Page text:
Plans to reintroduce car-parking charges at a beauty spot to invest in improvements have not proved universally popular with readers.
Last week, we reported that at Druridge Bay Country Park, the county council is proposing to replace the old play equipment with a high-quality installation, extend and improve the café and outdoor seating area and introduce a new facility for camping and touring caravans.
But in order to pay for this investment, it is proposed that parking charges will be reintroduced, although the first hour would be free of charge.
All-day parking would cost £3, while up to two hours would be £1.60.
But our report sparked a number of variety of views on our Facebook page.
Gemma Fairbairn said: “They have just not long ago took the parking charges away! People go to walk their dogs or just a walk around they don’t want to be charged every time they go. Surely there are other ways to raise money. Could hold an activity fund raiser day! How good would that be? Charge people for stalls and all profit goes to improve the place! Even though I love it how it is. It would spoil it to have camping there all the time.”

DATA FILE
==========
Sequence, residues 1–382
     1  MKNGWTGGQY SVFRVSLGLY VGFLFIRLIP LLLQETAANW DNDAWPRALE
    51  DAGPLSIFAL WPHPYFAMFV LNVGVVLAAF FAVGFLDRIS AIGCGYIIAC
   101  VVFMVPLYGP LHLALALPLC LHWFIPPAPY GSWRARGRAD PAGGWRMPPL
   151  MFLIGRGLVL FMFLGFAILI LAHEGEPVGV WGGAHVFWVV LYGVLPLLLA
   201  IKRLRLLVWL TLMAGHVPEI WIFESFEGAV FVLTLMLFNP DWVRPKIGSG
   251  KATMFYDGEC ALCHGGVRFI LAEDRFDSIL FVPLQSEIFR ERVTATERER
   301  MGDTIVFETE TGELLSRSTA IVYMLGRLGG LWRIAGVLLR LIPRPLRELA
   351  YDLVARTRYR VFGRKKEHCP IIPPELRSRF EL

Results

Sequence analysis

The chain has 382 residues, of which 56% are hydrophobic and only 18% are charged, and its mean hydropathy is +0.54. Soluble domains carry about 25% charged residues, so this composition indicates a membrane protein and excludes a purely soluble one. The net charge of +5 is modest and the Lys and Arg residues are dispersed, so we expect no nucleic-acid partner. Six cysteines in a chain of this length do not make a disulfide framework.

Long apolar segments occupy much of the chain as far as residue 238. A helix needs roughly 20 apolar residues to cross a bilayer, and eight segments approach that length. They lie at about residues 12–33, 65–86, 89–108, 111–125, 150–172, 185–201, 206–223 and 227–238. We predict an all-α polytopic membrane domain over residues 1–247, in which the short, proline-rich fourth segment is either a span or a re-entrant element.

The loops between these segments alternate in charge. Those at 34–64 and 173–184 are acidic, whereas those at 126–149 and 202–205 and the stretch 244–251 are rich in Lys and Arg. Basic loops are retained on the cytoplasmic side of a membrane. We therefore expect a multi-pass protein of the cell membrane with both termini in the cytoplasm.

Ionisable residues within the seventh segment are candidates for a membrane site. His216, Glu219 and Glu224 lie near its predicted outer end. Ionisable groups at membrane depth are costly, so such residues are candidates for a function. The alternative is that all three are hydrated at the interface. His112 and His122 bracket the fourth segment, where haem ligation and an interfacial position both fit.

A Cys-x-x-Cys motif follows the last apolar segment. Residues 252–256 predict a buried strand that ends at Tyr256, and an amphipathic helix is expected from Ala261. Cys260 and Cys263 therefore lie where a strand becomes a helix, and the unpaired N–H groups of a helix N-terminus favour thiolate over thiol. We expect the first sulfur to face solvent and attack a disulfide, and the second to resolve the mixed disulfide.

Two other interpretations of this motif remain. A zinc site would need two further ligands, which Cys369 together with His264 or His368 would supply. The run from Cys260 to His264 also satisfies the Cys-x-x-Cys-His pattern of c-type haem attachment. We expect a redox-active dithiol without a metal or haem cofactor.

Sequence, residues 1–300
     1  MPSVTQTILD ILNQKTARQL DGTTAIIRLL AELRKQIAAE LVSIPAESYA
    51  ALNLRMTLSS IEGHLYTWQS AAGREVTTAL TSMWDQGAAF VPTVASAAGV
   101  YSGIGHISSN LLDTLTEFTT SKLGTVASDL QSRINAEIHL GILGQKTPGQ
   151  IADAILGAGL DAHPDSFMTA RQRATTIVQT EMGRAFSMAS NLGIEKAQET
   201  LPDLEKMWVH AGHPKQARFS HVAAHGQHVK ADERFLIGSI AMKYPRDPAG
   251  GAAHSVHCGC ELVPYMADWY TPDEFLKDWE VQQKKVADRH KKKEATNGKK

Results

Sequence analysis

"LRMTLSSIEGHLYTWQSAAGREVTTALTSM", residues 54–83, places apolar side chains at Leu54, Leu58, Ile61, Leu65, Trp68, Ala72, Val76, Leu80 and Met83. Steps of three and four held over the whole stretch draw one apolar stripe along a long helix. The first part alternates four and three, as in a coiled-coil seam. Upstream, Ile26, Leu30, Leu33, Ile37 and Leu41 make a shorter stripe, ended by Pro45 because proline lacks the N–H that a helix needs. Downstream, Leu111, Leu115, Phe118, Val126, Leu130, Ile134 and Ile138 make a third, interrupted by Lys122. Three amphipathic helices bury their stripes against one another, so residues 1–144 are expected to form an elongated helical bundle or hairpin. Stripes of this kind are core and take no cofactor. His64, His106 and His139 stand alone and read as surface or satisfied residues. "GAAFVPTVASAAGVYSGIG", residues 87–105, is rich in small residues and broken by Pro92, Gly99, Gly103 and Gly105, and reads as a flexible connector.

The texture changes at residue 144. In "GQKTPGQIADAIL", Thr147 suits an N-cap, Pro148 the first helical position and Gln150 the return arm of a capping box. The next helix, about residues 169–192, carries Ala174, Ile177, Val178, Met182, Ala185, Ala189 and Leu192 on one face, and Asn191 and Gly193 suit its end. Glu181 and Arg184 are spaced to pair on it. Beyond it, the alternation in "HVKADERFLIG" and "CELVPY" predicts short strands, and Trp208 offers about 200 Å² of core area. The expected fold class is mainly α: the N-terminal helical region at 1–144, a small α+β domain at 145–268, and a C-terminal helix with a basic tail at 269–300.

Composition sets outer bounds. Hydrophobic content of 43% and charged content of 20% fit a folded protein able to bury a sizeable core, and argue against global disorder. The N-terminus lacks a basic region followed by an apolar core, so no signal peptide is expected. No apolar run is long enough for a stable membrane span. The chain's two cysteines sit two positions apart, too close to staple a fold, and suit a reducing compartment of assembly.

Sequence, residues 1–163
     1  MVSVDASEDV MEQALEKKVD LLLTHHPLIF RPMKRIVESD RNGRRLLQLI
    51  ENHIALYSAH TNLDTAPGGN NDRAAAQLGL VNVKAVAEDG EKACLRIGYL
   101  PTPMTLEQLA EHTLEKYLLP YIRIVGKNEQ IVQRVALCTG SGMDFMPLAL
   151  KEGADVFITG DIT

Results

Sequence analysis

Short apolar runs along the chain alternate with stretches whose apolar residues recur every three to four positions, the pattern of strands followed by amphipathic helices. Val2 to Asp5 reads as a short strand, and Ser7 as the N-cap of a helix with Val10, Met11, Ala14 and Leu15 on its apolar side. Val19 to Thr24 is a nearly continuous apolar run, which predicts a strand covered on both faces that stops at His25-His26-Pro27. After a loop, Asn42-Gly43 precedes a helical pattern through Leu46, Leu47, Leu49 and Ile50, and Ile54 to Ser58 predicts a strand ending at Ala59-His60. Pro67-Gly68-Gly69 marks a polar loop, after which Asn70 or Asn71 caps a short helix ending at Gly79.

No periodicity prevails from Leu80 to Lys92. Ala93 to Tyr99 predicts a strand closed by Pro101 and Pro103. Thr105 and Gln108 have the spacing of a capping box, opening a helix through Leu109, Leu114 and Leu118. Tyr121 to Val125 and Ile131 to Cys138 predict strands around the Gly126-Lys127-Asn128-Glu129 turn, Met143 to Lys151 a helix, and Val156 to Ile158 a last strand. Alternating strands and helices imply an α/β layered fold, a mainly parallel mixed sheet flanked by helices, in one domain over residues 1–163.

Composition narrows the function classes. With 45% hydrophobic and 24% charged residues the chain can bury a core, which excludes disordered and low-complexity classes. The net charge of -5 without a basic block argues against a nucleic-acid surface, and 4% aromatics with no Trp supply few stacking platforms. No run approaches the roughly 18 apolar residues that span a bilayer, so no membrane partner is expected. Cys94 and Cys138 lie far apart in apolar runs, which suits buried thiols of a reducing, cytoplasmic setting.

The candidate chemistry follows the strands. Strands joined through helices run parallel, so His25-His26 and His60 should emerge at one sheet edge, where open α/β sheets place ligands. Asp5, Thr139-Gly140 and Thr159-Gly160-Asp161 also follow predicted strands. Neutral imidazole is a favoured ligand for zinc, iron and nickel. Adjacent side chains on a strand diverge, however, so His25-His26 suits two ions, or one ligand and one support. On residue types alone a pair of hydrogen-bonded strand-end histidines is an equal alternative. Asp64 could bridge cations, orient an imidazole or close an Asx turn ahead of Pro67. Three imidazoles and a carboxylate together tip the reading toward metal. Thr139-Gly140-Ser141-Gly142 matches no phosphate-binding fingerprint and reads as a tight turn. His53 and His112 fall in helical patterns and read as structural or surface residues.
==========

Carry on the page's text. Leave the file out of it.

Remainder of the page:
Jane Dargue added: “Druridge Country Park has a hugely popular park run every Saturday – this will directly affect all those attending every week.”
However, Kathryn Gillie posted: “All people think about is complaining! They had parking charges in place a few years ago, people paid and didn’t complain. They have the caravan club attend and camping festivals over the weekends, do you complain then? So what’s with reintroducing parking charges and having a decent road to drive along, a car park less likely to flood!! The campers would no doubt be in one of the fields out of the way! People just don’t like change. I can’t wait for it to happen, have a lovely cafe to sit in after a run.”
And Monica Gunn said: “Used to park my camper there for a reasonable fee. Then it was stopped. I would welcome some camping facilities again and would happily pay.”
Coun Glen Sanderson, cabinet member for local services, said: “It’s very positive because we are investing for the first time in a decade in our country parks. I have tried very hard to talk to users and listen to people so we can accommodate them.”
As an example, he explained that those involved in the park run will be able to park for free for two hours.